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Treesitter Injured

Treesitter injured after Pacific Lumber cuts rope.
Freshwater, CA - Life has been quiet around the treesits here over the last few months (minus the incessant logging, of course). That ended today, when representatives from Pacific Lumber paid visits to at least two of the treesits in Freshwater. No trespassing signs were nailed up, along with signs reading (ironically enough) "Keep California Green." Spray paint was used to mark the trees occupied by treesitters, as well as every tree and stump leading to those trees.

At the treesit called Presidia, the words "Gass [sic] here" were painted on the tree with an arrow pointing up. The words "night ops" (as in "nighttime operations) were also tagged. Treesitters were enjoying the view from the top of the tree when they heard hammering as the signs were nailed around the area. Attempts to communicate with the man wielding the hammer were unsuccessful. Shortly after they left, a young woman treesitter began rappelling down the climbing rope. She realized too late that the Pacific Lumber employee had cut her rope when she slid off the end, falling fifteen feet to the ground. No serious injuries were sustained though she will be sore and bruised in the coming days.

This is not the first time Pacific Lumber has risked the safety of non-violent activists in the woods. In March 2003, a PL security guard cut the end of a rope as a treesitter was coming down, cutting the treesitter in the process. In 1998, activist David "Gypsy" Chain was killed by a tree Pacific Lumber fell in his direction. Activists routinely have gear stolen and safety precautions tampered with by Pacific Lumber employees. There is no deterrent for the company, or its parent corporation, Maxxam, as they are not held accountable for their actions, whether for violations to water quality laws, endangered species protections, or the violent handling of treesitters.

Call Pacific Lumber and tell them what you think of their dangerous and lawless behavior. Richard Bettis (PL property manager) - (707)764.2222 or email them at  info@PALCO.com

homepage: homepage: http://www.contrast.org/treesit

extraction industry 27.Jun.2004 09:25

red suspenders

The Timber industry has been nothing but an extraction industry in this country. Meaning the same as coal mining or oil exploration. One side of this is that everything becomes disposable. The recource itself, but also materials, tools, vehicles, all the way up to sawmills and entire company towns. All convieniently disposable when no longer making money. Human life is also seen as disposable in the intrest of profitsfor the shareholders. With this in mind, some measure of forgiveness should be extended to the gentleman who cut the rope.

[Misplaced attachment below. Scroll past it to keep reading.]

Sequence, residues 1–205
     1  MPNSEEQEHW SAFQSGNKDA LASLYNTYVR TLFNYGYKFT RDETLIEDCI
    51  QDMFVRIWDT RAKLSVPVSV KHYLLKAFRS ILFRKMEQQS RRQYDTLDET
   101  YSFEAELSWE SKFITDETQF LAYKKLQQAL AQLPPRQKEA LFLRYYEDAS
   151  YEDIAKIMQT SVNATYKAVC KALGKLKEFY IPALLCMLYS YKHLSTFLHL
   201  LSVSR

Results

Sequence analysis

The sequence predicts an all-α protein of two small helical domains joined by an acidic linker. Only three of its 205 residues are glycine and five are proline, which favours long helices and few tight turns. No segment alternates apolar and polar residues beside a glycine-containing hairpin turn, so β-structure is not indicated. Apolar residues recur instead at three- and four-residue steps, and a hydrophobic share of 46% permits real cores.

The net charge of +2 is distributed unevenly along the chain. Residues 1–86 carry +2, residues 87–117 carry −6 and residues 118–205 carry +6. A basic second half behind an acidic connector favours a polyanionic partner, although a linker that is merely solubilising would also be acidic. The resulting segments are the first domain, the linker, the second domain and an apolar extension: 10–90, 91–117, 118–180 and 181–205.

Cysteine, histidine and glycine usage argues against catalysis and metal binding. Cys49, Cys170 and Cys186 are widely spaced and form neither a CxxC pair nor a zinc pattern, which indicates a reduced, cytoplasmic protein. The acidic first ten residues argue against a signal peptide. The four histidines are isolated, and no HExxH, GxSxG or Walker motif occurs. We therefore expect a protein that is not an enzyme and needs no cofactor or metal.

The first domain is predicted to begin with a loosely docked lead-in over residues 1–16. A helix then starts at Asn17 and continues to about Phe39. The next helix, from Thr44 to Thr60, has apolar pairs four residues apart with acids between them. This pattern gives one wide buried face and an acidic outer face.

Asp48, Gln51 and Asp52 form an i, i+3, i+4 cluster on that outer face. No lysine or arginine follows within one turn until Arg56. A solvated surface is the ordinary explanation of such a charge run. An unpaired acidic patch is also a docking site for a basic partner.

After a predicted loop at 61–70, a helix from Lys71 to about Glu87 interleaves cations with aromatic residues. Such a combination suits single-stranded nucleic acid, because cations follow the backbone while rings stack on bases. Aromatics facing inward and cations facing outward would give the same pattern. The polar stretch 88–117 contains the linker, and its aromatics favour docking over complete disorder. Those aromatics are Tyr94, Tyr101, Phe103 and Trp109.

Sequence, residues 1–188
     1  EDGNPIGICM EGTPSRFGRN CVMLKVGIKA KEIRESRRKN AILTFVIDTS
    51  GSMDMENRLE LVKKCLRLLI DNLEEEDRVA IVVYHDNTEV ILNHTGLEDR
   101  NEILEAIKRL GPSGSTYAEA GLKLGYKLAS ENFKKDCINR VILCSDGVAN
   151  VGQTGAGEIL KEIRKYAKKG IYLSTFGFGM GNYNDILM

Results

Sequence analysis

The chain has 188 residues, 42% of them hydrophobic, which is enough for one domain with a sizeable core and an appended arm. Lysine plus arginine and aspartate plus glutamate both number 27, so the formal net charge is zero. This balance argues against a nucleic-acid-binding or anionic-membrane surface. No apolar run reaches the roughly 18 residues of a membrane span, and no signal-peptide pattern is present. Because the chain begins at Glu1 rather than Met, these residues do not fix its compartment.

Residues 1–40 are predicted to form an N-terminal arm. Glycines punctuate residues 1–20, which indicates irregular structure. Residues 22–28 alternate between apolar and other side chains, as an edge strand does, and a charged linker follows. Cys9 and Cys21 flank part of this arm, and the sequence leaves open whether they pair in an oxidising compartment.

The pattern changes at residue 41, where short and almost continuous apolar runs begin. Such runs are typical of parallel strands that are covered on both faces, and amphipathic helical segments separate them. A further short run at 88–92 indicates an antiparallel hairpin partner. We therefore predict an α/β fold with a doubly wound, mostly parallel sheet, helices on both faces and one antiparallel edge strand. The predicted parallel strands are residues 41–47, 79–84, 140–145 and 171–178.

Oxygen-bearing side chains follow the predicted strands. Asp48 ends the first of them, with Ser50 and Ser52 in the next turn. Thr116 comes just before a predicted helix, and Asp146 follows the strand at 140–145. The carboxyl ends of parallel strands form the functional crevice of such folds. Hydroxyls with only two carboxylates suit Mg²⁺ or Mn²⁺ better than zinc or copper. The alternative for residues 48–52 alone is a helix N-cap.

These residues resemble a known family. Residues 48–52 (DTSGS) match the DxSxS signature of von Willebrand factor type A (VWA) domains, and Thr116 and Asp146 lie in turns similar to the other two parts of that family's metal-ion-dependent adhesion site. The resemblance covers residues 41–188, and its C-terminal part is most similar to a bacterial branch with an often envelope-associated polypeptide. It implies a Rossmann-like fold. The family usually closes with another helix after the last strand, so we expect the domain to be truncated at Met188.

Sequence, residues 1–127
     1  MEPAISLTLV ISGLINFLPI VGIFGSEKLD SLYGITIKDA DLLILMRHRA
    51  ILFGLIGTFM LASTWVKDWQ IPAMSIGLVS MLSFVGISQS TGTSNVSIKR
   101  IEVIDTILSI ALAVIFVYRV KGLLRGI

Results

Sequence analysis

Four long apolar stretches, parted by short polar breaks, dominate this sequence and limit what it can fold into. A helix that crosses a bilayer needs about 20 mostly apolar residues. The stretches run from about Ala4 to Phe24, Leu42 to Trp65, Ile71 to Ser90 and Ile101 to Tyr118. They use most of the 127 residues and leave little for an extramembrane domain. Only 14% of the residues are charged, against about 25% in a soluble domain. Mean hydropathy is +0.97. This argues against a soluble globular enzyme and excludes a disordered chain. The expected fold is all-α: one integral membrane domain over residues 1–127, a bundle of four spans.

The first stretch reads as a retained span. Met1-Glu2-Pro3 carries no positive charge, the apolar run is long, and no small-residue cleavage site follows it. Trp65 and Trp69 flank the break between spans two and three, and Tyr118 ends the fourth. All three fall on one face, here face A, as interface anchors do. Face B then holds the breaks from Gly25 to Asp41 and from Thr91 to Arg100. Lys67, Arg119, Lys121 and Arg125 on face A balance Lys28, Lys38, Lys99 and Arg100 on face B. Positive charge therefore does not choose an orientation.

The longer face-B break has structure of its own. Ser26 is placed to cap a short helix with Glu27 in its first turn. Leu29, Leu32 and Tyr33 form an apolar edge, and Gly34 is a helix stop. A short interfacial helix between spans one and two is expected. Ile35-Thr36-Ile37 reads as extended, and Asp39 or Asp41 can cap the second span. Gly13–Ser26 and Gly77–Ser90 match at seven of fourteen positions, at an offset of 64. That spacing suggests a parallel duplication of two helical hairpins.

Anyone who has the courage for direct action such as the tree sits hanging banners on smokestacks are the true heros of our age.

Oh well! 29.Jun.2004 00:34

pl

Too bad she wasnt hurt worse! When you are breaking the law you get what you deserve! No sympathy coming from me! Get a life and a RWAL job...like logging!

Being vigilant about security and safety in treesits 29.Jun.2004 16:45

Spiral

Whoever cut her rope is a serious asshole!

Note to current and future treesitters: Always remember to pull your rope up from the ground when you're not using it. When going up a climb rope, it's a good practice (although more work!) to bring the end of the rope up with you to avoid having some yahoo cutting it. Special security and safety measures should be taken when climbing or descending at night, especially when there's no allies on the ground (which is often the case, especially on private land such as in this instance.) It's easy to get lax during times when there's not a lot of activity in the area or after you have a lot of experience with climbing, but it's important to do a full safety check every time you prepare to climb into the trees or leave the platform. Generally, the last part of a standard safety check is to make sure the end of your rope is touching the ground. While it's time consuming, it's perhaps a good idea to prussik down rather than rappel if there's a situation where it seems necessary to descend at night and there's no one friendly to guard your rope. It may be time consuming, but probably better than sailing off the end of your rope.

These comments are in no way meant to devalue the amazing work of treesitters or imply that this accident was the fault of the treesitter. I feel it's good for all of us to be as vigilant about safety as possible and to watch out for each other as much as we can.